Research & Innovation

Stevens Institute of Technology Engineering Professor Cements Deal With NJDOT

The New Jersey Department of Transportation has tapped Weina Meng to help mend an aging bridge with a more durable and cost-effective concrete mixture.

(Hoboken, N.J. – Jan. 10, 2022) – In her lab at Stevens Institute of Technology, Weina Meng has no problem whipping up a small batch ultra-high performance concrete (UHPC) in a mortar mixer. But thanks to a new partnership with the New Jersey Department of Transportation, Meng is going bigger.

“The ‘scale-up’ step is essential,” Meng said. “As researchers, we always want our research outcomes to be implemented on a grander scale.”

UHPC is a lighter, more durable concrete that can withstand external forces and environmental changes for a century. Whereas the average lifespan of bridges constructed with structural concrete is 50 to 70 years. The main issue is that large-scale production of UHPC is expensive, but Meng has discovered how to use local materials to give concrete that same durability and mechanical properties, but at a much lower cost. She calls this mixture NJ UHPC.

In her lab at Stevens, Meng mixes her own NJ UHPC and can test it to see how it will perform under different loading and environmental conditions. This allows for Meng to understand how her concrete will perform during winter, spring, summer, and fall in New Jersey and how that information can be translated to different climates across the United States, from Florida to North Dakota.

“To test the durability, we check that the microstructure of the material is dense enough,” Meng said. “In our lab, we are capable of measuring the pore structure, corrosion resistance, and freeze-thawing resistance to make sure they meet industry standards.”

In collaboration with Rutgers University and NJDOT, Meng is now working to ensure the NJ UHPC formulas and mixtures can be produced on a mass scale. Once those production challenges are resolved, she will train staff at participating concrete plants. NJDOT will then select an aging bridge and the developed NJ UHPC will be applied.

“This recognition gives significant meaning to our time and efforts in developing NJ UHPC,” Meng said. “We have clearer direction on how to successfully implement a new product to real applications. This partnership greatly helps our labs at Stevens and can elevate our reputation within other government and construction agencies, providing us with more opportunity.”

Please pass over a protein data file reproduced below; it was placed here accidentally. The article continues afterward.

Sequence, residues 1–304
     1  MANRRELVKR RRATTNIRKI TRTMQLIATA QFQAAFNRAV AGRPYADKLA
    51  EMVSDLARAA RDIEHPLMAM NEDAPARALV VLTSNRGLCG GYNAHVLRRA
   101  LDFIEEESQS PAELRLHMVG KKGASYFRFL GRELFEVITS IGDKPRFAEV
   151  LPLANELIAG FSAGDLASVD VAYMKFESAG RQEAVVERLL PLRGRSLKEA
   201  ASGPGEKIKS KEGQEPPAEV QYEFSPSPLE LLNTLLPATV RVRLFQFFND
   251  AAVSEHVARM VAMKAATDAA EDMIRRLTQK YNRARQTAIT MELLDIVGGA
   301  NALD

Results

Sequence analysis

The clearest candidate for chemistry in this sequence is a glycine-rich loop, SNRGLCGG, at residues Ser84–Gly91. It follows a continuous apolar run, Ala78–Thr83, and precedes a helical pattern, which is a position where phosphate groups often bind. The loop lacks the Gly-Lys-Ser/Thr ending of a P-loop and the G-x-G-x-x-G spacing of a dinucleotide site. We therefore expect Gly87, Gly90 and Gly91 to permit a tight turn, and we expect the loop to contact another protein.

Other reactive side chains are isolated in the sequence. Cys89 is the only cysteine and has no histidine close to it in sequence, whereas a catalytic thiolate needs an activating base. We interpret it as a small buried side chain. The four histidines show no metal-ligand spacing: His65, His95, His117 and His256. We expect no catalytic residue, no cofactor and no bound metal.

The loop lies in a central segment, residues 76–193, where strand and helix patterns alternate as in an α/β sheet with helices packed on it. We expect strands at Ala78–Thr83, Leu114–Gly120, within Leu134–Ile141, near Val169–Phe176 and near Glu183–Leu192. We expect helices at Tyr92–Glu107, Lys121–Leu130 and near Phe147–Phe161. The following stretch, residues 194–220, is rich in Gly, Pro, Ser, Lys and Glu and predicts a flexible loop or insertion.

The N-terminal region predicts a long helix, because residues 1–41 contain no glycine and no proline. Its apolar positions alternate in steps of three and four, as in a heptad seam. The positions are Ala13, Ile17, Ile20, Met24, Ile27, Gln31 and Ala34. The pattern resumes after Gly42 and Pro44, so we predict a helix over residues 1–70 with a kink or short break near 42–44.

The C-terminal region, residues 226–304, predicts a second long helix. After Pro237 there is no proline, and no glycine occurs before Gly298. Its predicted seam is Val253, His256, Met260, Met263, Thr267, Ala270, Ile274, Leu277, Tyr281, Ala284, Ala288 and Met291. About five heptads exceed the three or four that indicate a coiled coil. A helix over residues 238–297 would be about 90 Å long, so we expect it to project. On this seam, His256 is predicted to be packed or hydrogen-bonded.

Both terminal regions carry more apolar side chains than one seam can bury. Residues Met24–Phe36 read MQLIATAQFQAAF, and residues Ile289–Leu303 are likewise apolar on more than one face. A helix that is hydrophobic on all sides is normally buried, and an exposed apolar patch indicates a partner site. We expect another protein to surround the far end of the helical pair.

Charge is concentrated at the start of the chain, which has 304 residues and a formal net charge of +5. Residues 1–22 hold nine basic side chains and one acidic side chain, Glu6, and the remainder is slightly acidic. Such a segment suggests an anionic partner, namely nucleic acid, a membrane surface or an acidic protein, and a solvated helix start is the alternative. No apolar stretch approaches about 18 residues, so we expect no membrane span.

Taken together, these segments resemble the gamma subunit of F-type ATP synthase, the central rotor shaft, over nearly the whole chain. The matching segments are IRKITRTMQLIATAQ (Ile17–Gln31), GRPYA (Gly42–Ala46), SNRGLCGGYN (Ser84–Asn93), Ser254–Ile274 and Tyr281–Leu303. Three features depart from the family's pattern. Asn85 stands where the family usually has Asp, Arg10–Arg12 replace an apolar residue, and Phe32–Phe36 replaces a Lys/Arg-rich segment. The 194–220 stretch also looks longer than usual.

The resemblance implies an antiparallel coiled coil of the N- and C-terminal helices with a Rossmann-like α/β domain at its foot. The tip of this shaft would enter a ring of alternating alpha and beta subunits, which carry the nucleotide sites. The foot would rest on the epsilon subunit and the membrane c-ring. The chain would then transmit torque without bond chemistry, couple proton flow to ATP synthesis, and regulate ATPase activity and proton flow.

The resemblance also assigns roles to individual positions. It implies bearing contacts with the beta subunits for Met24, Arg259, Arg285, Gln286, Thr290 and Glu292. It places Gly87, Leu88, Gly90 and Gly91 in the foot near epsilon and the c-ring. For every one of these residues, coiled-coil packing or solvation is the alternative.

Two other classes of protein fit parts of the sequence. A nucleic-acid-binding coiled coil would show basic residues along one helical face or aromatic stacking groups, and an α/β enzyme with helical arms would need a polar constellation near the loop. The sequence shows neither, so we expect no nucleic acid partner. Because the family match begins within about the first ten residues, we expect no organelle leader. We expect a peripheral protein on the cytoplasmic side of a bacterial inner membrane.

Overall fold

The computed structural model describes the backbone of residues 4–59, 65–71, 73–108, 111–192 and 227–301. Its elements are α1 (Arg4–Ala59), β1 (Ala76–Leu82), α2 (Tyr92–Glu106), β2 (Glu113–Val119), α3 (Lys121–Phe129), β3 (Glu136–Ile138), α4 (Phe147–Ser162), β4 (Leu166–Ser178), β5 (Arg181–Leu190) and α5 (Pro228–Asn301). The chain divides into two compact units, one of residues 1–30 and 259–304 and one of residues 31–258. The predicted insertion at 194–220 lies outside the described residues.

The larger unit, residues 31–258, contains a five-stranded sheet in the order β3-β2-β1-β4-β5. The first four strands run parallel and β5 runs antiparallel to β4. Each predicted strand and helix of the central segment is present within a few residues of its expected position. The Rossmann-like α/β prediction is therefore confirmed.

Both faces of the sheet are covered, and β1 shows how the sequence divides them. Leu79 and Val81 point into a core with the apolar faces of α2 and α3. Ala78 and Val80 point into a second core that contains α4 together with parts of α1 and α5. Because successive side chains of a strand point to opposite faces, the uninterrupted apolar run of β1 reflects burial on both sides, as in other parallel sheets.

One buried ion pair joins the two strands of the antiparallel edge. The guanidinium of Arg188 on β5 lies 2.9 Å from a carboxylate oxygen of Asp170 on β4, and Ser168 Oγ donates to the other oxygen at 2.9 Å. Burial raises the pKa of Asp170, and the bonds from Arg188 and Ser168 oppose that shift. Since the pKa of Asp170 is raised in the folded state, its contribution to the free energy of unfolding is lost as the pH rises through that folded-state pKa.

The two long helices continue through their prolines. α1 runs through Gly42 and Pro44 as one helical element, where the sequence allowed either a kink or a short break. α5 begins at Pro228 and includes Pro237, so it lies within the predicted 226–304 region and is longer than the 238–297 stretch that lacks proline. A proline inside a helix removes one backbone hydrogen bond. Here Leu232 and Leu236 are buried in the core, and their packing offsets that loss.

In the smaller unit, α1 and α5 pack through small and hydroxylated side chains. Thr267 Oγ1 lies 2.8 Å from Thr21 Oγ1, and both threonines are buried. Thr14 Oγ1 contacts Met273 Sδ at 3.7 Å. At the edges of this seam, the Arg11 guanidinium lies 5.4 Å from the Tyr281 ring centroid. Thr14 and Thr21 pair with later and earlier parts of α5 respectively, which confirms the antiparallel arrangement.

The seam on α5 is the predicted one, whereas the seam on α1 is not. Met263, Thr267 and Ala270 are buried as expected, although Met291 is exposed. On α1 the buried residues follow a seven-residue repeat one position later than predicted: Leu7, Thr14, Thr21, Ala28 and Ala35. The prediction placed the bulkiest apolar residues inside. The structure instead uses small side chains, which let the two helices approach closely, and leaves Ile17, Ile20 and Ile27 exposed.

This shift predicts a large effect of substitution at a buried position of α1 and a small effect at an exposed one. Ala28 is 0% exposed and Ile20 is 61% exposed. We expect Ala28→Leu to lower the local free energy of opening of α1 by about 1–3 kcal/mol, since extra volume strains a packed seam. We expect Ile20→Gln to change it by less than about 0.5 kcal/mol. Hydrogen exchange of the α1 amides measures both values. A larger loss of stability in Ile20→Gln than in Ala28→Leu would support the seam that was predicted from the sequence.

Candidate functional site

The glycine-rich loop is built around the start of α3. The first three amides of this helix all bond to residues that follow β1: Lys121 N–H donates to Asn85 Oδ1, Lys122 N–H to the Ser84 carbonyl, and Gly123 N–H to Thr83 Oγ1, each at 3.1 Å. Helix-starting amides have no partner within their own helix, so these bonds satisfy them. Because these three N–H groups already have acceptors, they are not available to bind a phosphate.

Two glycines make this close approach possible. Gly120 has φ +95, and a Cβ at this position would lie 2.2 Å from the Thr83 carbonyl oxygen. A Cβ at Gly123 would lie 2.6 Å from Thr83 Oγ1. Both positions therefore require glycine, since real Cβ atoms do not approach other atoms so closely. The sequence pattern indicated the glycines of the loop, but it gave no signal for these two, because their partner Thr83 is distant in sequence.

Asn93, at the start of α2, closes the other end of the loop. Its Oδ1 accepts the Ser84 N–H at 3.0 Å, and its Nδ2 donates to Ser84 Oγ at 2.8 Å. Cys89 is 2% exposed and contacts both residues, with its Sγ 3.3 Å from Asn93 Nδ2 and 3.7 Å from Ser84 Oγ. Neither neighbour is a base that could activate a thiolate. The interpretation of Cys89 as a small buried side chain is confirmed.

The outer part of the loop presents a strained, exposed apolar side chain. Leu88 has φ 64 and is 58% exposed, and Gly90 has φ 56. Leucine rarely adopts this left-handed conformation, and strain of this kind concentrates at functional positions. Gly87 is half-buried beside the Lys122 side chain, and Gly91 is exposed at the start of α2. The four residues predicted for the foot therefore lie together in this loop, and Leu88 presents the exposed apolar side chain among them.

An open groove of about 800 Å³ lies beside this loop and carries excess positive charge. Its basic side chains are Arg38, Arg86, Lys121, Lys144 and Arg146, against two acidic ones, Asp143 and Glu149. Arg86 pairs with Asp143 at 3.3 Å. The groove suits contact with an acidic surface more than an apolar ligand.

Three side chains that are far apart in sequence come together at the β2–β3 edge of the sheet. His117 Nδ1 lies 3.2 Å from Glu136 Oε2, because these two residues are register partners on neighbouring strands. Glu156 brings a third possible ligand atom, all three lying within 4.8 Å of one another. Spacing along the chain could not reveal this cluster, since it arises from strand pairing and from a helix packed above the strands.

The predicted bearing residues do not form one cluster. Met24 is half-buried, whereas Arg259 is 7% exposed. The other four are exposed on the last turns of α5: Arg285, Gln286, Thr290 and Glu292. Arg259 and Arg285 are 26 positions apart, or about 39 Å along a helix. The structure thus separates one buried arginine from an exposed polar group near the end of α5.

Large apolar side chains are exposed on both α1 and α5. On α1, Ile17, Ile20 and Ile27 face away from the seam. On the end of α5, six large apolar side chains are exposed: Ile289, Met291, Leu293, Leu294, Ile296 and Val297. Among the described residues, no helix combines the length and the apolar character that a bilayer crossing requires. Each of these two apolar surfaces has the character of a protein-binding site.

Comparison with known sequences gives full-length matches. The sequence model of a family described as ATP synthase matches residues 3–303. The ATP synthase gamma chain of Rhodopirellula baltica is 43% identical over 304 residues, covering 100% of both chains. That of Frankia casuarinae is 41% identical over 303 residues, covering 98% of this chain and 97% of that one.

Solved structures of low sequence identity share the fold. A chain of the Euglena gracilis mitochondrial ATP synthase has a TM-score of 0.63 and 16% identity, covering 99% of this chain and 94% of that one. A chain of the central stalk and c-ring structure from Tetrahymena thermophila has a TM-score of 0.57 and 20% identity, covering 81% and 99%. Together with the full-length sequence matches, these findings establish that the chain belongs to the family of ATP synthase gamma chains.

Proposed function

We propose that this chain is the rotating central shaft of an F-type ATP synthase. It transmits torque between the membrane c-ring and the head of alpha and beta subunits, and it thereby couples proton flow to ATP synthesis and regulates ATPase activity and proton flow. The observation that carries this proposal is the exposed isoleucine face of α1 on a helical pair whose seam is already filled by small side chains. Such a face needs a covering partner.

The bridge location will be decided as early as April, and once selected, the NJ UHPC will be monitored for its structural performance for up to two years. The end goal is to help promote innovative materials and state-of-the-art technologies to NJDOT staff, engineers, and beyond. 

Across the country, there are 45,000 bridges in disrepair and according to the World Economic Forum, the U.S. is ranked 13th in the world in infrastructure. In President Joe Biden’s $1.2 trillion infrastructure bill, he pledged to fix thousands of those aging bridges and NJ UHPC has the potential to play a role.

“Our hope is that the implementation of our NJ UHPC will be successful so that our product can be used in bridges in our state and across the country,” Meng said.

– Stevens –

About Stevens Institute of Technology

Stevens Institute of Technology is a premier, private research university situated in Hoboken, New Jersey. Since our founding in 1870, technological innovation has been the hallmark of Stevens’ education and research. Within the university’s three schools and one college, 8,000 undergraduate and graduate students collaborate closely with faculty in an interdisciplinary, student-centric, entrepreneurial environment. Academic and research programs spanning business, computing, engineering, the arts and other disciplines actively advance the frontiers of science and leverage technology to confront our most pressing global challenges. The university continues to be consistently ranked among the nation’s leaders in career services, post-graduation salaries of alumni, and return on tuition investment.

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